|Henry William Saad|
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|Current Court Information:|
|Michigan Second District Court of Appeals|
|Past position:||Partner, Dickinson, Wright, Moon, Van Dusen & Freeman|
|Bachelors:||Wayne State University School of Business|
|Law School:||Wayne State University Law School|
Henry William Saad is a judge of the Michigan Second District Court of Appeals. He was the seventh Chief Judge of the Michigan Court of Appeals from January 2008 through November 2009. He was first appointed to this Court in 1994 and was re-elected in 1996, 2002 and 2008. His current term ends on January 1, 2015.
Judge Saad received his bachelor's degree (with honors) from Wayne State University School of Business and his law degree (with honors) from the Wayne State University Law School. He later served as an adjunct professor at the University of Detroit/Mercy School of Law and Wayne State University Law School where he taught Evidence and Professional Responsibility, respectively. 
Judge Saad practiced law for 20 years at the firm of Dickinson, Wright, Moon, Van Dusen & Freeman, where he was a partner. He also served as an arbitrator for the Michigan Employment Relations Commission and a hearing referee for the Michigan Department of Civil Rights.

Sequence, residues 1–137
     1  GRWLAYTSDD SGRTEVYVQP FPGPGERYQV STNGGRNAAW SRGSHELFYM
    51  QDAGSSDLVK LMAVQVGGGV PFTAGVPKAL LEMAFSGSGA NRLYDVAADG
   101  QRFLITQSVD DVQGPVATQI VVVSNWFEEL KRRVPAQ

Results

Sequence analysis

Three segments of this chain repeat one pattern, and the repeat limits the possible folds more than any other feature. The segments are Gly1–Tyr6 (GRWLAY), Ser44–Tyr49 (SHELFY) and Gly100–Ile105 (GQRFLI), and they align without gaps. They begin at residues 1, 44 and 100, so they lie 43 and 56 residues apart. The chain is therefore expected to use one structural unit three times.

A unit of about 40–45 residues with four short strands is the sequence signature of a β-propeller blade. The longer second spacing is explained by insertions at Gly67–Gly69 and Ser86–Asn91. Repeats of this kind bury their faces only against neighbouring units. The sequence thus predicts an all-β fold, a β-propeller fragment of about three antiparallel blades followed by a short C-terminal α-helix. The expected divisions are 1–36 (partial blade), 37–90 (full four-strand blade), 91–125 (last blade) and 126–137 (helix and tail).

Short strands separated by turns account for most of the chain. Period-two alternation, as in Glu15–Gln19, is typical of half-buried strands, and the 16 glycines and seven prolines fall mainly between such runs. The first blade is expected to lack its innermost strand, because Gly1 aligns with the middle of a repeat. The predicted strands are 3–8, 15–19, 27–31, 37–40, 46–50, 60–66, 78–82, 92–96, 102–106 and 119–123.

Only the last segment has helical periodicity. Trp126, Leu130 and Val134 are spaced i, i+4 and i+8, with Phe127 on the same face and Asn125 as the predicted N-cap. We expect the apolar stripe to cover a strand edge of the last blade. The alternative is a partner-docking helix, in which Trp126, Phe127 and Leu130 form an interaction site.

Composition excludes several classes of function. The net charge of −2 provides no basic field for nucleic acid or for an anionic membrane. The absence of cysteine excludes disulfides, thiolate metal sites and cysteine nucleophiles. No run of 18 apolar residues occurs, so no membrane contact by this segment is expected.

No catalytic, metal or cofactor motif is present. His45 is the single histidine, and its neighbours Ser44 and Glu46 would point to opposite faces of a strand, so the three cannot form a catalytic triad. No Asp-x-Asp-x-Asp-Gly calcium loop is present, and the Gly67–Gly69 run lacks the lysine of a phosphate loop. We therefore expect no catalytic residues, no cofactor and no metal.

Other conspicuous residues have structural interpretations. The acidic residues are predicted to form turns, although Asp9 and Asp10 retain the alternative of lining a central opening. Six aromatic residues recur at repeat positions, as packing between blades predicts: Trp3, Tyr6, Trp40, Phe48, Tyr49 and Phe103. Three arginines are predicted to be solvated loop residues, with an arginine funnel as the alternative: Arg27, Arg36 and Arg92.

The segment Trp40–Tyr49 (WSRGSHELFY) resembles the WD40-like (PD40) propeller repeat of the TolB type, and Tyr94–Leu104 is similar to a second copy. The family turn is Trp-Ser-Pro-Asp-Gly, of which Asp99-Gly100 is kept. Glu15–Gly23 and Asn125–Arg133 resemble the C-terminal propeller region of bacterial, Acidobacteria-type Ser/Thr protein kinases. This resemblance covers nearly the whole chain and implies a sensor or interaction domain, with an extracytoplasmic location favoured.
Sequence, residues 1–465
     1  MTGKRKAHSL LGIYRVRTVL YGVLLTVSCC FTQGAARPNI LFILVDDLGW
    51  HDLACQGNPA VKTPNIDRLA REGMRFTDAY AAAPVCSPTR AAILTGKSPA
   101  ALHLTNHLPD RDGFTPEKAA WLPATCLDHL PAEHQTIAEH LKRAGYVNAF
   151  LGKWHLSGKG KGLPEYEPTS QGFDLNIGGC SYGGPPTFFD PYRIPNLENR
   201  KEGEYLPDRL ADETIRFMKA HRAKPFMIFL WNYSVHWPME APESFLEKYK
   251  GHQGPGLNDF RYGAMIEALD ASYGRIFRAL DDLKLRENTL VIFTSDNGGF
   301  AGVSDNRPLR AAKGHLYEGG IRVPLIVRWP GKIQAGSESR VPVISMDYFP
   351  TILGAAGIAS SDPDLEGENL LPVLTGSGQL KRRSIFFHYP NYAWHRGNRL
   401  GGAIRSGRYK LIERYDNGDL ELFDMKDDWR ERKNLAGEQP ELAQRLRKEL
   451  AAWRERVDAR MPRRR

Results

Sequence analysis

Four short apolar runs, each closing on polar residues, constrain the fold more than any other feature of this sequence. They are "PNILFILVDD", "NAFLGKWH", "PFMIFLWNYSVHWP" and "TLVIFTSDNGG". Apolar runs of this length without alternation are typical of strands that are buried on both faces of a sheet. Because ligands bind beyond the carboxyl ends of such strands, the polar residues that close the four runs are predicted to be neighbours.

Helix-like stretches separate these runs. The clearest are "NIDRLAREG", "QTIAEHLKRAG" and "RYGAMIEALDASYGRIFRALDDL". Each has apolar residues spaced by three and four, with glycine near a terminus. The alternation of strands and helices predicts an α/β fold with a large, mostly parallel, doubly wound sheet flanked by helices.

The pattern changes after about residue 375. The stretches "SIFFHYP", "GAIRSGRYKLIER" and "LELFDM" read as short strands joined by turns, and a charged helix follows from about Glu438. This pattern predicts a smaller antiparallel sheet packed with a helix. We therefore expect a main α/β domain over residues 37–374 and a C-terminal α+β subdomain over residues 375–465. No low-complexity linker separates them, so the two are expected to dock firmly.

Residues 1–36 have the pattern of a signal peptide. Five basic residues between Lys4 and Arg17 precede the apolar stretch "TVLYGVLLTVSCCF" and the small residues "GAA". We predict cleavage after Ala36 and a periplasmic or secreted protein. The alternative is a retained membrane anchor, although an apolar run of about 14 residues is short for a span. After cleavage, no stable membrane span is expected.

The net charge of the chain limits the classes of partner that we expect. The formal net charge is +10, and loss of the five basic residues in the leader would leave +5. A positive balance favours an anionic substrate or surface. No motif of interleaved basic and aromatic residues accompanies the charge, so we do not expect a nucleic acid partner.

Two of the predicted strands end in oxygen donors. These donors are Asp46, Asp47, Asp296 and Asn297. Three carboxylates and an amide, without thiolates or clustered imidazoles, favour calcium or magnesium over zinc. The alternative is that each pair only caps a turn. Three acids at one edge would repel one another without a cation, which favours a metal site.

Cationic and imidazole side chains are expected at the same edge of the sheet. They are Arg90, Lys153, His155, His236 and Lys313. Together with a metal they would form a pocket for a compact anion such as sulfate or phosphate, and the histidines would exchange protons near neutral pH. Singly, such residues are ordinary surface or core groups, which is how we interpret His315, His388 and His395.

Awards, memberships and civic activities
Judge Saad was on the boards of Detroit Public Television and the American Heart Association. He is a member of the board of Brother Rice High School. In 1992, President Bush nominated Judge Saad to the federal district court. Saad was also nominated to the federal appellate bench in 2001, 2003 and 2005.
Matrimony overrides paternity
According to state paternity law, which is based on Lord Mansfield's Rule, a child born into a marriage is a product of said marriage. The Michigan Court of Appeals upheld a lower court's decision to uphold that law, and was signed by Judges Richard Bandstra, Michael Smolenski, and Henry Saad. Two years after his biological son's birth, Bill Numerick, Jr. had not seen his son. The reason: early in his girlfriend's pregnancy, she ended the relationship and married another man. The courts maintained the law as it is believed that "a child is best born to a married mother and father. Such a presumption helps protect the sanctity of marriage."
- Wikipedia: Henry Saad
- Washington Times: Reid cites FBI file on judicial pick
- White House: Judicial Nominee Henry Saad
- Saad Biography
- Ex-judge restored to lawsuit
- He says he's the biological father, but law says matrimony trumps DNA
- Detroit Free Press
- National Review